02 fevereiro 2009


Um artigo de opinião no Financial Times sobre o euro que vale a pena ler. O artigo é da autoria de Edward Chancellor e descreve algumas das principais conclusões de um livro sobre os 10 anos do euro. Aqui estão alguns excertos:
"In 1973 Derek Mitchell, a British Treasury official, observed that the loss of exchange rate flexibility would remove a simple method for rectifying imbalances between Europe’s economies. Without the option of exchange rate depreciation, once imbalances appeared “equilibrium could only then be restored”, declared Mr Mitchell, “by inflation in the ‘high performance’ countries and unemployment and stagnation in the ‘low performance’ countries, unless central provision is made for the imbalances to be offset by massive and speedy resource transfers”...
"Europeans are paying the price for the oversights of their former political masters. Since the euro came into existence a decade ago, consumer prices in Portugal, Ireland, Italy, Greece and Spain have risen by an average of about 20 percentage points more than in Germany. They have also experienced lower productivity growth. In addition, they have run large current account deficits and, with the exception of Italy, have experienced tremendous housing bubbles and credit booms. The ECB inadvertently contributed to the credit booms by setting an excessively low interest rate for fast-growing economies, such as Ireland.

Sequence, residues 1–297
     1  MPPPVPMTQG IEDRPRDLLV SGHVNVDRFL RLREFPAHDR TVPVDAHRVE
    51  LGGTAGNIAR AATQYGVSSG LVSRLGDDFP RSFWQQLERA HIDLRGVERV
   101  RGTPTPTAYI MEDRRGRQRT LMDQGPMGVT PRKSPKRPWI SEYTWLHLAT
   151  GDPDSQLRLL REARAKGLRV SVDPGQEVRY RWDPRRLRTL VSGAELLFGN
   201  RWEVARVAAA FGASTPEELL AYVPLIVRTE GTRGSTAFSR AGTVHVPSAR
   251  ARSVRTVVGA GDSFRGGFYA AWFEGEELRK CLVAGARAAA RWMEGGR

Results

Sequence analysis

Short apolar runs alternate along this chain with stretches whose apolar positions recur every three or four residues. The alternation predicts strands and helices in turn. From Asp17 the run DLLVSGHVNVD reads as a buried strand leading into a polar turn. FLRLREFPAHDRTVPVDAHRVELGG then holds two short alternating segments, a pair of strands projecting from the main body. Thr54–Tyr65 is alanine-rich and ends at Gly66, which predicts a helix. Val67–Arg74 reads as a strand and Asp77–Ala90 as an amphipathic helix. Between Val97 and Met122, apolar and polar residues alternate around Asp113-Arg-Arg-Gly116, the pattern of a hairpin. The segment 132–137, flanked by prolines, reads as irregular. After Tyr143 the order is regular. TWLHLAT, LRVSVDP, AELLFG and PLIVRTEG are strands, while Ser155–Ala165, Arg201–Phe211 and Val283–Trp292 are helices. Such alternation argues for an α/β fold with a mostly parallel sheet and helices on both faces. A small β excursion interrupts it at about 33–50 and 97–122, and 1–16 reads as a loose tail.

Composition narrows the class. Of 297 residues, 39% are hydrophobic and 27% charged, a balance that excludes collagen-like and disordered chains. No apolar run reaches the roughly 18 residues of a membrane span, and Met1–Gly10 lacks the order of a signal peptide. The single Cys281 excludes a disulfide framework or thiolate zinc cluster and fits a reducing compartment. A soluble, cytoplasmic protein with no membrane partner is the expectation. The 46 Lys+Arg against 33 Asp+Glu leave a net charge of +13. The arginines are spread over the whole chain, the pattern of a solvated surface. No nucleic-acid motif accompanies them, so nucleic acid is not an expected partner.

In the past, the weaker European economies faced with the current crisis would have simply devalued their currencies. With that option closed by monetary union, their economic outlook appears dire..."
As former German Chancellor Helmut Schmidt says “the great strength of the euro [is] that nobody can leave it without damaging his own country and his own economy in a very severe way”.
"However, the alternatives aren’t pleasant. Germany might be forced to make reluctantly huge fiscal transfers to eurozone countries with large current account deficits, such as Spain. But this wouldn’t make them more competitive. As former Bundesbank president Karl-Otto Poehl says: “The other European countries have no choice [but] to . . . embark on a course of cost-cutting.”

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